Sunday, April 8, 2007

Twin Peaks - Complete Second Season

The complete second season of Twin Peaks is out on DVD. Right on time if you want to spend some time in this cute little town during the holidays. 'Who's the murderer of Laura Palmer?' is the question you're asking. But I'm asking: How's the dvd boxset from Paramount? Let's read what the usual suspects of dvd websites are writing about this highly anticipated set. Unfortunately, none of them review Lara Flynn Boyle's part as Donna Hayward in particular. But provides a nice vidcap of the actress: thinks about the image transfer: "The original full-frame picture is quite attractive, and a big improvement over those now aging videotapes. Color is rich (especially those deep reds that crop up throughout the series), and shadows are deep and dark. Detail is quite good and grain is not a problem. Mosquito noise is occasionally visible but not overly prominent. The Log Lady introductions appear to be taken from a videotape source and accordingly are much inferior, lacking in clarity and crispness."

"Paramount has done a magnificent job with the all-new 5.1 Dolby Digital surround sound", writes Tyler Shainline of "As a fan who has hosted more than a couple of Twin Peaks marathons and has closely examined a generous portion of the dialogue on the old tape set, I can say that the sound clarity on these discs is magnificent."

"Lots of fun to be had here", at least for Gerry Donaghy of regarding the special features, "even if there was no participation from the shows creators. There is an Interactive Interview Grid, which will allow viewers to watch short (2-5 minutes long) interviews with about a dozen of the actors from the show, including David Euphony (DEA agent Dennis/Denise Bryson), Sherilyn Fenn, James Marshall (James Hurley) and Kimmy Robertson (Lucy Moran). Of course, as fun as these are, you'll find yourself wishing that a few more actors would have made themselves available. The interviews are insightful, even if most of the actors spend a good chunk of time fawning over David Lynch. The grid allows you to watch the interviews one at a time, or all at once. But I wouldn't call this feature special. In fact, it's almost expected."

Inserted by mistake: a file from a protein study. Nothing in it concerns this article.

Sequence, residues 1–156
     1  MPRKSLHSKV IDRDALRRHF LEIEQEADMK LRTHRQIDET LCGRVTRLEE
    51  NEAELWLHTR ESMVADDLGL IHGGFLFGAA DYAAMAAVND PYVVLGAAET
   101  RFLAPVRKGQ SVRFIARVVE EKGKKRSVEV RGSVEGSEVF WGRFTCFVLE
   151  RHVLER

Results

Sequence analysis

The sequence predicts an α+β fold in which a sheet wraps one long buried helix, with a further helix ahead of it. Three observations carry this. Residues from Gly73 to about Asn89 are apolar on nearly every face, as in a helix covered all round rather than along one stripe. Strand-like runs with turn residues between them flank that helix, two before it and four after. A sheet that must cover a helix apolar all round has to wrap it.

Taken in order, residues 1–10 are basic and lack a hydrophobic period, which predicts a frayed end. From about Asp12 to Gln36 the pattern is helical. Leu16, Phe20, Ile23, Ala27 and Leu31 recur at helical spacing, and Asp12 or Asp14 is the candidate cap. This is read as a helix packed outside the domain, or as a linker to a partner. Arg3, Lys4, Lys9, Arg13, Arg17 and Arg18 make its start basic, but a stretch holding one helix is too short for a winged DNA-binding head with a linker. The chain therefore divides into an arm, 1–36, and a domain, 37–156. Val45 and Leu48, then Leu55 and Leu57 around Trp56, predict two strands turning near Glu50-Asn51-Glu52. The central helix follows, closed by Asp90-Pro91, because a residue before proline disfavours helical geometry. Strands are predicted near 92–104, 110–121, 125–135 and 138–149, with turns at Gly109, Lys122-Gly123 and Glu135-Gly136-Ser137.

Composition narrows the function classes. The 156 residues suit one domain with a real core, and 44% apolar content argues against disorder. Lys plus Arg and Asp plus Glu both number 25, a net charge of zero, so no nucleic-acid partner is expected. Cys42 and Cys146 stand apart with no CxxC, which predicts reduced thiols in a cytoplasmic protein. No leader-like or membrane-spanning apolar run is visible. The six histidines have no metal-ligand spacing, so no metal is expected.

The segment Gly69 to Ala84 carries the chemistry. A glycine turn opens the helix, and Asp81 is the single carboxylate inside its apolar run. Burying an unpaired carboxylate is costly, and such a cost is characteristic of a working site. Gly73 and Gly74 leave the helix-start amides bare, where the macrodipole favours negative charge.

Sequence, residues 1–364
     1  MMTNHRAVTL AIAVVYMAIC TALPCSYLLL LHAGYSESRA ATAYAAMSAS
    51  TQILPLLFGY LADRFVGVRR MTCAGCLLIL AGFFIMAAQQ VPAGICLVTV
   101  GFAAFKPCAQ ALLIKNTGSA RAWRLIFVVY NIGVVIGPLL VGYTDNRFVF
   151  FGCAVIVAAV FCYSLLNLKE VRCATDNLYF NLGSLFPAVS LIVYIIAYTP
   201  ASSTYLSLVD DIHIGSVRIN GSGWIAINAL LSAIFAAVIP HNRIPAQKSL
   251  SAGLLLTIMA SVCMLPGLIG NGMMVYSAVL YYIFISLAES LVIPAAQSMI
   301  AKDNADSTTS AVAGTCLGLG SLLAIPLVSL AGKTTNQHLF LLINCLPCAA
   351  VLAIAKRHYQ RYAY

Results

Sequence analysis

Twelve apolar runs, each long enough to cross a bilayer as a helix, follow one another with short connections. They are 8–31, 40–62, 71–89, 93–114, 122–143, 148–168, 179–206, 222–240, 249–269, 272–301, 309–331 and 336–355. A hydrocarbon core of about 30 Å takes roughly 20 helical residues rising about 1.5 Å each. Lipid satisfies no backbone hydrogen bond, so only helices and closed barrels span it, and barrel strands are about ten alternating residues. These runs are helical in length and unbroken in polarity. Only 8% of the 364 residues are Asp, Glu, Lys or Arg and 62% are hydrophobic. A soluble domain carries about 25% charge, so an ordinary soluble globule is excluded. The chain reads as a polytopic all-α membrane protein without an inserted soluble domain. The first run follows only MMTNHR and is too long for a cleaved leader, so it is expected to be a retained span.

The guys of the always reliable list the additional extras as follows:

Disc 1: Jennifer Lynch discussing writing Laura Palmer's diary (3:45)
Disc 2: Director Todd Holland talks about entering the series at season 2 and specific script challenges (4:10)
Disc 3: Caleb Deschanel discusses directing the Horne Bros. flashback scene in episode 15, including the revelation that the dancing baby sitter is David Fincher's sister, Emily. (Caleb's wife also plays Mrs. Hayward, and their daughter is Zooey, for those keeping track.) (4:20)
Disc 4: Duwayne Dunham relates his experience of being on the series from early on, editing the pilot and directing the first episode, and then coming back for season 2. (4:00)
Disc 5: Stephen Gyllenhaal, director of episode 27, discussing why he enjoyed the show. (And, yes, father of Maggie and Jake.) (3:40)
Disc 6: Tim Hunter, who had one of the longer associations with the show. (2:40)

And finally Judge Brett Cullum of "can't deny the power" of Twin Peaks. "Even when it was uneven, the show is far more interesting than 99% of what is on television before or since. It remains one of the most cinematic series ever created with its own darkly funny tone that has never been duplicated. Cinema buffs deride it as Lynch's most commercial work, because it's accessible and not as dense as his later movie projects. But one look at the season finale with its bizarre, scary sequences inside the Black Lodge, and all doubts are cast aside. This is one of the most daring television experiments ever conducted.

Twin Peaks remains a show I will always hold up on a pedestal because it refused to play by anyone else's rules. Maybe that's why, after all these years and countless viewings, I still can't get enough of the series. Twin Peaks: The Second Season is a reason to celebrate simply because it is finally here. Now bring on the megaset, hopefully in a spiffy log shaped package and get Mr. Lynch and Mr. Frost to emerge from behind their red velvet curtains. Cue the dancing midget and the acid jazz." Well, there's nothing more to say...

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